Western Blue Groper

Western Blue Groper

Western Blue Groper are a long-lived and slow growing fish, taking 15 years to reach sexual maturity at 60 cm which is the minimum size they may be taken under the existing rules. They live for up to 70 years to reach a maximum size of 1.6 m. (e.g. so therefore juvenile “parrotfish” that are caught and used for bait do not have a chance to reproduce, nor do sub-adults caught on deeper reefs).

Western Blue Groper used to be common as throughout Investigator Strait, and on the southern coast of Yorke Peninsula, but adults have not been seen on southern Yorke Peninsula since the 1960s when they were fished out. They still occur on northern KI due to their protection in the gulfs.

Western Blue Groper have a strong population structure and they change sex with age so fishing can disrupt population structure and dynamics.

Given its longevity and diet, Western Blue Groper may be a “keystone” species in the reef habitats where it occurs, and there may be ecological cascade effects from the extirpation of groper from reefs.

The questions regarding protection of the Western Blue Groper raise welfare issues which have been considered extensively in recent years, and has been well reviewed in Huntingford et al. (2006) J. Fish Biol. 68, 332-372.

It was concluded that conditions that produce unacceptable levels of anxiety, fear, stress, sickness and pain for the fish should be minimised.

Although there is a closure to Western Blue Groper fishing in South Australia’s Gulfs, Investigator Strait and a number of small Aquatic Reserves, it appears that this is insufficient as a means of protecting Western Blue Groper in South Australia, because:

  1. the species does not occur in the upper and most of the central parts of either gulf due to lack of suitable habitat and oceanographic conditions, and therefore only a small part of the species range in S.A. is formally protected;
  2. some fishers appear not to adhere to the prohibition of fishing for Western Blue Groper in Investigator Strait, or offshore reefs and islands within the closed area, the S boundary of which spans from western KI to southern Eyre, and illegal catches appear not to be monitored;
  3. there has been increased targeting of this species in offshore areas during the past decade, particularly by charter boats operating off the central and western coasts of S.A.; and
  4. some reef fishers do not recognise juvenile Western Blue Groper when they are caught as bycatch, and small specimens are thus retained for use as bait.

Actions needed to overcome the identified threats include:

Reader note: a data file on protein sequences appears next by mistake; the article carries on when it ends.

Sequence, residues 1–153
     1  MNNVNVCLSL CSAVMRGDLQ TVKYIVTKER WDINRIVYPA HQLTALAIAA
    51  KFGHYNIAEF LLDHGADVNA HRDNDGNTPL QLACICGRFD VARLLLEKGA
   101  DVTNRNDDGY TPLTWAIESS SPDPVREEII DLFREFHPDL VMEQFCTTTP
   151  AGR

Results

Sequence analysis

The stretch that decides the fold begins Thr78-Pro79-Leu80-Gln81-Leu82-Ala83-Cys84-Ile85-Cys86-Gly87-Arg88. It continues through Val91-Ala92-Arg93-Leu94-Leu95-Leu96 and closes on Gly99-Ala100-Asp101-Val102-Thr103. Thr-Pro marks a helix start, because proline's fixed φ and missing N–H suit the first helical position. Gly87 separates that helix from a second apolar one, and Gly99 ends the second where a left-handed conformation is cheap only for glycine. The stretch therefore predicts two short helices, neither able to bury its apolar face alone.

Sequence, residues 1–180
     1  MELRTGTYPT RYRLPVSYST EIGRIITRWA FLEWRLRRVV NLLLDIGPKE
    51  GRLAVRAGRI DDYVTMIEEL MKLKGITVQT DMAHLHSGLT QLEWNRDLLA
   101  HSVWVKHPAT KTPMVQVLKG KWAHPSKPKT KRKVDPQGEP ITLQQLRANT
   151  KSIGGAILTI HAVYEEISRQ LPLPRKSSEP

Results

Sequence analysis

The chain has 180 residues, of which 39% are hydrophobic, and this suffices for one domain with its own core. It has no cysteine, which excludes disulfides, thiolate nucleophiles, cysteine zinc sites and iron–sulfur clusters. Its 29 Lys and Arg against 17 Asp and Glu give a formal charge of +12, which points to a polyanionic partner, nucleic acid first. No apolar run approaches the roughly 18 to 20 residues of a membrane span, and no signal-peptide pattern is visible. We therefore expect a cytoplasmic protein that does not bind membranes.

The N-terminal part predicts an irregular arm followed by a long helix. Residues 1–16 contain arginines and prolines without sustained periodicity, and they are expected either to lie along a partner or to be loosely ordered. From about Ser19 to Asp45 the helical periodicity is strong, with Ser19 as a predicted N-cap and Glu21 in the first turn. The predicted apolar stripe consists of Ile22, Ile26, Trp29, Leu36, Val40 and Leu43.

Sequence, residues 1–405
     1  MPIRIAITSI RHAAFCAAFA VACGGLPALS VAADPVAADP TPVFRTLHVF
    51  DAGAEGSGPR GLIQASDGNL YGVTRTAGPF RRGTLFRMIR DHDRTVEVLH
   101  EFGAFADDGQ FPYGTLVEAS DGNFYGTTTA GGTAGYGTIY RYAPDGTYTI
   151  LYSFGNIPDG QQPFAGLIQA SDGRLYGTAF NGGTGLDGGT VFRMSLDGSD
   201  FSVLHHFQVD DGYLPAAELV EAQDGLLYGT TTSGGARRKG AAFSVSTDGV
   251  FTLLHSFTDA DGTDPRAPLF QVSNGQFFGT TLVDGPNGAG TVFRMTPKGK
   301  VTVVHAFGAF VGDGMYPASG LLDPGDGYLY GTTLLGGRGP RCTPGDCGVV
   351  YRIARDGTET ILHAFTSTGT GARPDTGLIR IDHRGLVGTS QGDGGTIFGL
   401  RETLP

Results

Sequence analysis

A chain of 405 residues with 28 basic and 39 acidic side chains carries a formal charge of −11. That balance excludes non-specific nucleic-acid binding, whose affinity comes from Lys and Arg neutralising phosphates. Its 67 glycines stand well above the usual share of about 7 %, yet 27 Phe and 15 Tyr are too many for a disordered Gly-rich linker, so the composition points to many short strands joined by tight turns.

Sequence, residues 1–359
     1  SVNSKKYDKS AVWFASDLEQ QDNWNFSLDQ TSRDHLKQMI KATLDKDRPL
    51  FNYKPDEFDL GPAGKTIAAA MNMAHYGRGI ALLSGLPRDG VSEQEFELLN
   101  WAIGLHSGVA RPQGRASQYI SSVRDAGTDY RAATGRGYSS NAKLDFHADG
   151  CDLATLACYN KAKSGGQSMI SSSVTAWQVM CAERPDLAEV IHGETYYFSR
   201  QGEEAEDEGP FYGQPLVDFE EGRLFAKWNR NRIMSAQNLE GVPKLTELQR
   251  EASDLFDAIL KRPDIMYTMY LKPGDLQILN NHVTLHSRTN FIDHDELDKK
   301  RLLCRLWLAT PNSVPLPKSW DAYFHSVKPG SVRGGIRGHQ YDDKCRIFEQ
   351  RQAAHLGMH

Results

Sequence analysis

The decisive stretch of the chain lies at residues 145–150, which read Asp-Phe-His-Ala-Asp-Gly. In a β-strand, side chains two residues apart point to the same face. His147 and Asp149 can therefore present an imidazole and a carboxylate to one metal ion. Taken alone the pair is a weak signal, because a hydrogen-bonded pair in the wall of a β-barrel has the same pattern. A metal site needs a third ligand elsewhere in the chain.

Legislative protection – there is a clear need for the extension of the current protection for these fish. This could include listing as endangered under the EPBC Act (1999) and the National Parks and Wildlife Act as well as extension of current protection under the Fisheries Act to cover all State waters.

The size limit on Western Blue Groper be abolished so all caught fish must be returned to the sea.

The catching and photographing of “trophy” fish be banned, as the fish is exposed to the air for unacceptable amounts of time and their protective slime coating would be damaged by this increased handling.

Increased and maintained research and monitoring for the species such as the Reef Watch ‘Feral or in Peril’ programme. (Western Blue Groper are currently one of the ‘in peril’ species targeted by this programme).

Reduction and mitigation of human impacts on the marine environment and reef habitat in particular, i.e. sedimentation, excess nutrient inputs and other pollution.

Actions and education to encourage compliance with current size and catch limits, in particular the issue of non or misidentification of juveniles by anglers needs to be addressed.

Actions to avoid and reduce bycatch of this species. For example pot and trap designs that reduce the bycatch of fish should be encouraged

The use of Western Blue Groper as cray pot bait should be prohibited by regulation under the Fisheries Management Act (2007).

A number of Western Blue Groper ‘hotspots’ for both adult and juvenile fish have already been identified and these need to be protected in marine park sanctuary zones. Marine parks in conjunction with improved marine planning can also help address climate change impacts.

7 thought on “Western Blue Groper”
  1. Saw a blue groper 10 to 15 kilo south west of Balgowan this weekend 3rd February 2019 in 14 metres. Captured on video.